She had locked the only set of keys to the rental car in the trunk.
Those days, there was no trunk release up front. And the bear’s revenge had begun. The sky began clouding up. The sun disappeared. Sleet began, then snow. Temperatures plummeted. Our jackets were all in the trunk. The road had been busy. Now all traffic stopped. An hour passed. My father promised us that rangers had to patrol all the roads. None showed. It got darker. We stopped talking. The roar of the river got louder. Despair settled in.
Then, ghosting out of the storm, a rickety pickup passed. My father jumped out, shouting. The truck slowed, then backed up. A wizened man with a drawl asked did we need help. He laughed at our tenderfoot predicament, and whipped out his cigarettes, extracted the foil liner, dove under the steering wheel. Varoom! Just like that the car literally jumped to life. The man slithered out, refusing my father’s cash. “Nah, jumping’s easy if you smoke,” he said, and disappeared into the snow.
And after three hours of mountain driving, we reached Pocatello, Idaho. But the bear’s curse continued. That night we spent the night in the worst motel ever. It wreaked of mildew from the tin shower enclosure and wheezing air conditioner. The fold-out bed I shared with my brother had a lumpy mattress over a million springs. The curtains wouldn’t close, and the bar next door blared light and music all night. And it was one dump of a motel after another all the way to San Francisco.
To this day, my brother doesn’t remember any of those motels as bad. They all had swimming pools. But I still think that bear — like Mary Oliver’s “dazzling darkess, coming down the mountain,” — was a veritable mountain goddess. We did her violence. And paid.
Lucinda's past lives thrash in the rearview, among them TV captionist, children's theater director, opera director, spiritual junkie, piano instructor, and other nefarious activities. Now she writes, works for social justice--ending poverty and book banning--while building gardens in Connecticut and New Hampshire.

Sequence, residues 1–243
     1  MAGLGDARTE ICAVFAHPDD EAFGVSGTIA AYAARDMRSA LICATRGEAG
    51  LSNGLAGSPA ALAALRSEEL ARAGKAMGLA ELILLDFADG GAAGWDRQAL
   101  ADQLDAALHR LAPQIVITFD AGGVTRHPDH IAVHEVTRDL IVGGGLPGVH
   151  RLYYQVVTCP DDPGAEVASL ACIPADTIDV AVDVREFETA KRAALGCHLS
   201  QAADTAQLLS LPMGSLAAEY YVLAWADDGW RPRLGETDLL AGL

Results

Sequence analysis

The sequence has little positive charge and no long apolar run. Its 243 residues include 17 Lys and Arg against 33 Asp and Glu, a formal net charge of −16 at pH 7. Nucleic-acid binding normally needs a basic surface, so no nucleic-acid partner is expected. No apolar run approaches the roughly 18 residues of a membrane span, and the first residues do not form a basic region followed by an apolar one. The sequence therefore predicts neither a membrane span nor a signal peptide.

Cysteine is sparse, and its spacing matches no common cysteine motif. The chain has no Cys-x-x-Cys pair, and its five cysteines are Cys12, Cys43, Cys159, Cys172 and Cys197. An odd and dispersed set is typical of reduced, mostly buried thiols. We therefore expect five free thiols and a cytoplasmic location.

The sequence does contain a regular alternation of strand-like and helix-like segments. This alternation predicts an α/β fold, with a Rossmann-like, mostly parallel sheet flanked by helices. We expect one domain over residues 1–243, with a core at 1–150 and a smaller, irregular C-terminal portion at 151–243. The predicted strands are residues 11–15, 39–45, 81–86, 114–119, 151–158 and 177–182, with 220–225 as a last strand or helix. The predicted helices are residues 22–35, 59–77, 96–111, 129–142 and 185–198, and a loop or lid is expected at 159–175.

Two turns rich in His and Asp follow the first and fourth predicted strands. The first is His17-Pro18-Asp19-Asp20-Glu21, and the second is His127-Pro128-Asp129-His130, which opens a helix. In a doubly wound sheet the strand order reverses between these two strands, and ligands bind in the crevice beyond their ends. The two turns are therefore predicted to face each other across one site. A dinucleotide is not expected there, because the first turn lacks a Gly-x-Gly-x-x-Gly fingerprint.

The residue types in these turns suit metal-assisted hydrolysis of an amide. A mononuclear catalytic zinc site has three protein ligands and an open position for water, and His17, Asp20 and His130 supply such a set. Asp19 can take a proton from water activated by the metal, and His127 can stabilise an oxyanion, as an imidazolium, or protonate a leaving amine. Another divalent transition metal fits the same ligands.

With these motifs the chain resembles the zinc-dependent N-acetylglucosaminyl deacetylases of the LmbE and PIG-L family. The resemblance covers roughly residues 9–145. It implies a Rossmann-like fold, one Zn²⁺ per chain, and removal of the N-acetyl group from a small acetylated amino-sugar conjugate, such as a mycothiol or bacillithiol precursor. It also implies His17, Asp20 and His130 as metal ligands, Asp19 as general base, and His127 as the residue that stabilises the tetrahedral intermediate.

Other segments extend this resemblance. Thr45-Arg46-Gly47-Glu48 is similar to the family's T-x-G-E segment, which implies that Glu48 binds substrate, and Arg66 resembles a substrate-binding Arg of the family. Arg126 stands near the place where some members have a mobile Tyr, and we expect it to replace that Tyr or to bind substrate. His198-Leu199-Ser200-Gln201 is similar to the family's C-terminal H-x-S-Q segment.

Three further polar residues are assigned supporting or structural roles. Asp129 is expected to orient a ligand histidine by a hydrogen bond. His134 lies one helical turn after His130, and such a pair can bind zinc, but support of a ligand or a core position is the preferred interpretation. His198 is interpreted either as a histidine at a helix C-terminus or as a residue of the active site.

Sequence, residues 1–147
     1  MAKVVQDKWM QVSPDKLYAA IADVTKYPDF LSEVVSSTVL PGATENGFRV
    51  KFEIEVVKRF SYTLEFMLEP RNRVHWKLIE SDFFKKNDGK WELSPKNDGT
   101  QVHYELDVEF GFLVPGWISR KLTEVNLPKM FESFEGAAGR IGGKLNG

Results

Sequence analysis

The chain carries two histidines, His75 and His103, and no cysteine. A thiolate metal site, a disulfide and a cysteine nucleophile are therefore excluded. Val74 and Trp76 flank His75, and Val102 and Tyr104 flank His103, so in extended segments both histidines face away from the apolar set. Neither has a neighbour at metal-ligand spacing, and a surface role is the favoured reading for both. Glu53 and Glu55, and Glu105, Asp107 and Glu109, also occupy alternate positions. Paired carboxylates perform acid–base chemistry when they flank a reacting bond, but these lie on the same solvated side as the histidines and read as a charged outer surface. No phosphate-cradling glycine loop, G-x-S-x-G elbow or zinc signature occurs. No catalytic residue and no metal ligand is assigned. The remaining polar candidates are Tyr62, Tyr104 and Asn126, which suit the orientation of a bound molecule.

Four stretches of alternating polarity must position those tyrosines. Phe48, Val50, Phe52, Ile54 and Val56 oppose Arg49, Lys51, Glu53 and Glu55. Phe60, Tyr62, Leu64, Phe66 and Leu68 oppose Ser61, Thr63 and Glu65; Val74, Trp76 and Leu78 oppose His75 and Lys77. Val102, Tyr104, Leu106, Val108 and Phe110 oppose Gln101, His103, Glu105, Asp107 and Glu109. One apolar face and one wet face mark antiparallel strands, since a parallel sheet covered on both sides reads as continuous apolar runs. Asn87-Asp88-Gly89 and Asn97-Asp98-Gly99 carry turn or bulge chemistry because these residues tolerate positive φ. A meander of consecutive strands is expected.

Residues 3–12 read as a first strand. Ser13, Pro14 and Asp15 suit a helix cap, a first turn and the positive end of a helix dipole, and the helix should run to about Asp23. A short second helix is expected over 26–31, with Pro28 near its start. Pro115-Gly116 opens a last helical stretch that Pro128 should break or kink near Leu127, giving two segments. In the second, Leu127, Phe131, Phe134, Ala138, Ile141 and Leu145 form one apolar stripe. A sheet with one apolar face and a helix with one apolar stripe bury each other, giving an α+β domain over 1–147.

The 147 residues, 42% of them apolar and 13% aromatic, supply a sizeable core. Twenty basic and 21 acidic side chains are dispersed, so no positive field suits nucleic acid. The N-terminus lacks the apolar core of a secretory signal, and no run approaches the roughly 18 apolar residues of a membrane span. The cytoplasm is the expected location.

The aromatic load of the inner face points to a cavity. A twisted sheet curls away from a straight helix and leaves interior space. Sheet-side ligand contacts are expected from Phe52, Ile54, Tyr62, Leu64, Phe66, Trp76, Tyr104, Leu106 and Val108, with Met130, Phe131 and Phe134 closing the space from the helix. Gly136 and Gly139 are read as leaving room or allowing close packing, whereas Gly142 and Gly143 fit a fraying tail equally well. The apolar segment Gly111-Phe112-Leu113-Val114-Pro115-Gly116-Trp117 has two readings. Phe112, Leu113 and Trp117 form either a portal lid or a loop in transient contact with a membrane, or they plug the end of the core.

Thanx Lucinda for your wonderfully written tale of an encounter to remember!
We have a woodsy country house where bears are not an uncommon sight, and if we walk about , especially at night, we’re advised to carry bear bells.
I once had a food market delivery that was left on my front steps, and before I had a chance to go out and retrieve it, my neighbor called to tell me several bags of my groceries were ripped and the food scattered – some hungry bear seemed to especially like the Special K!
Ha! Good for a cereal ad!
There are so many things about this story to love! Your description of the Triangle X ranch is divine, with the “horses and handsome ranch hands” as well as the “pink dawns, ruddy sunsets, and backdropped ghostly moon rainbows.” Then leaving the ranch and leaving chunks of your hearts behind? So evocative.
The encounter with the bear must have been terrifying, and the fact that afterwards everything went wrong was clearly karma at work. I hope by the time of your next trip you had finished your penance and all went well.
Thanks, Suzy, you’re kind. What fun this is! I only got the Karma recently, and think we expiated. Whew.
What a beautifully written and evocative story in so many ways. I can’t wait for the movie version, though I was relieved that, as bad as things got, they never took a Stephen King-like turn into the darkest of the dark.
I am a hard-hearted cynic (or realist, as I like to think) and not usually driven to attribute events to non-scientific causes. But, as your post-bear misadventuresd continued, I began to wonder if maybe Karma or some other spiritual force might not be at play here. Though, even there, was it Karma that made your mother accidentally put the car in reverse and ram the bear in the first place? Perhaps it was the bear who had the bad Karma, not your family (or even the motel).